The State Council held a policy briefing on Nov. 10, interpreting a regulation on fire control accountability recently released by the central government.
The State Council holds a policy briefing to interpret a regulation on fire control accountability recently released by the central government in Beijing, on Nov. 10, 2017. [Photo by Yuan Shaoda/China SCIO]
Yu Jianhua, director of the firefighting department of the Ministry of Public Security, was invited to elaborate with more details.
Two sources of fire risks - skyscraper-dense cities, and villages with limited access to firefighting equipment - are priorities in China's fire-control campaign, according to him, and more rigorous investigations will be undertaken by local governments when fires result in injuries or fatalities.
The State Council will organize investigations into fires that cause more than 30 deaths, Yu said, while provincial-level governments must investigate one that kills more than 10 people but less than 30. City governments are responsible for investigating when there are four to nine deaths, and county governments must handle cases with up to three fatalities.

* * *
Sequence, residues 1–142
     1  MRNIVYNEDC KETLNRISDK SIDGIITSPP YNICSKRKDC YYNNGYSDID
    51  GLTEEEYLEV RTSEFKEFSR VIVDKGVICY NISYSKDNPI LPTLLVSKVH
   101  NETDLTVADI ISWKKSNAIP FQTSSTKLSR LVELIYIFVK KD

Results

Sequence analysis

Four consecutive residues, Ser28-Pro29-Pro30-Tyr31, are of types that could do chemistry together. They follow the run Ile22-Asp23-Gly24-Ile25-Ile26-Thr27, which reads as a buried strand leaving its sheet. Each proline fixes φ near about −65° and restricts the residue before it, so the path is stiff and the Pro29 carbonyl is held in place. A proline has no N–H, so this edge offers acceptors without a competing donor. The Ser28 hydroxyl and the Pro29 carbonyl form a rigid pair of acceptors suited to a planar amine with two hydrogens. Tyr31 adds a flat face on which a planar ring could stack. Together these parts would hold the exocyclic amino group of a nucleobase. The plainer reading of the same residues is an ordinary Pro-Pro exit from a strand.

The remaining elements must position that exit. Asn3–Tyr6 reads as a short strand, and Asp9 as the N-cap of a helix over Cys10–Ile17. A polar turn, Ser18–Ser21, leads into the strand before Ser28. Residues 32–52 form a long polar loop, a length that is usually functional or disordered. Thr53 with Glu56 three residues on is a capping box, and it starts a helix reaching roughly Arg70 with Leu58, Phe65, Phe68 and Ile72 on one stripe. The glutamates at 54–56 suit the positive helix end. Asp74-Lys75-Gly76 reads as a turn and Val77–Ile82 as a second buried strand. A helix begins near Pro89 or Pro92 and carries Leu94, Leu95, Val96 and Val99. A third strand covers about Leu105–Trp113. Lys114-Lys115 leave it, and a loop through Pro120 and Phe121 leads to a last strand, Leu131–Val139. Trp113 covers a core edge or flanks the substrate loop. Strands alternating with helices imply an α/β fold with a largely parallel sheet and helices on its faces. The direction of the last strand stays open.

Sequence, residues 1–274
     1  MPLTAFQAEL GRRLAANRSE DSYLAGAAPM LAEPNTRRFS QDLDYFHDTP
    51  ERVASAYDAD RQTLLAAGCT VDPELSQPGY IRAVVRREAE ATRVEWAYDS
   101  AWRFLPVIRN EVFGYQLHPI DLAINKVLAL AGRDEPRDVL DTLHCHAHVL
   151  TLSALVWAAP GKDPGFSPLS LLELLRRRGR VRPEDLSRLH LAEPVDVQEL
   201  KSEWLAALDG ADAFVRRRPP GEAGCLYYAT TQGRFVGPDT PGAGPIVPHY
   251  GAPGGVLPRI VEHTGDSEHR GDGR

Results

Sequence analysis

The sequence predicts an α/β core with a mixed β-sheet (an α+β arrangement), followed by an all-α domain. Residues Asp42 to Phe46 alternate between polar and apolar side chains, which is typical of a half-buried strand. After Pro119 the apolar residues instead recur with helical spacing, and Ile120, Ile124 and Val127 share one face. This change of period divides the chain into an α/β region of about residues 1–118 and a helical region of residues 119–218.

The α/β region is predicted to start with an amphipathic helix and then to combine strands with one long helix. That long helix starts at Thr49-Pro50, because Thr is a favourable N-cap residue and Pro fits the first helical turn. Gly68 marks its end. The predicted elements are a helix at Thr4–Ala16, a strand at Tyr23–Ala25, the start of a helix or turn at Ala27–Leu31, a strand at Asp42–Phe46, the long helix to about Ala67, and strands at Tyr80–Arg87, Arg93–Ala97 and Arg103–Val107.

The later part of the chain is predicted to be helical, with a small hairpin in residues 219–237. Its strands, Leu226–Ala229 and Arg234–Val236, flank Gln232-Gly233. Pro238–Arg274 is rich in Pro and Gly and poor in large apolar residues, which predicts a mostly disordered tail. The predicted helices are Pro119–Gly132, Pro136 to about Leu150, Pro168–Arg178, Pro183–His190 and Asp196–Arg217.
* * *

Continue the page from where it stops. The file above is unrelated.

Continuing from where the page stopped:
According to Yu, the new work plan for fire control aims to prevent large-scale fires nationwide. The notice pointed to the heads of local governments as first in the line of responsibility for fire fatalities.
Yu said the plan clarifies the responsibilities of each level of government. Those in charge of fire control will face penalties if they fail to fulfill their duty, the work plan said.
The biggest risk of fire arises in well-developed cities and in rural areas with less equipment, he said.
China is conducting fire control checks of skyscrapers nationwide, bringing more than 610,000 tall buildings under scrutiny, Yu said.
According to the ministry, China ranks first in the world in number of tall buildings, and more than 6,000 of them are higher than 100 meters. The tallest building, in Shanghai, rises more than 600 meters.
"Last year, I visited London, which has about 500 tall buildings. By comparison, Beijing alone has more than 25,000. The large number has led to fire control risks," he said.
Meanwhile, 24.7 million square meters of underground spaces in more than 20 provinces and municipalities also face risks, Yu said, as some of these spaces have been altered into hostels or apartments for rent. They're dangerous, he said.
The country also has more than 10,000 large shopping complexes of more than 10,000 square meters, more than 100,000 shantytowns in downtown areas of cities and more than 100,000 chemical companies, he added.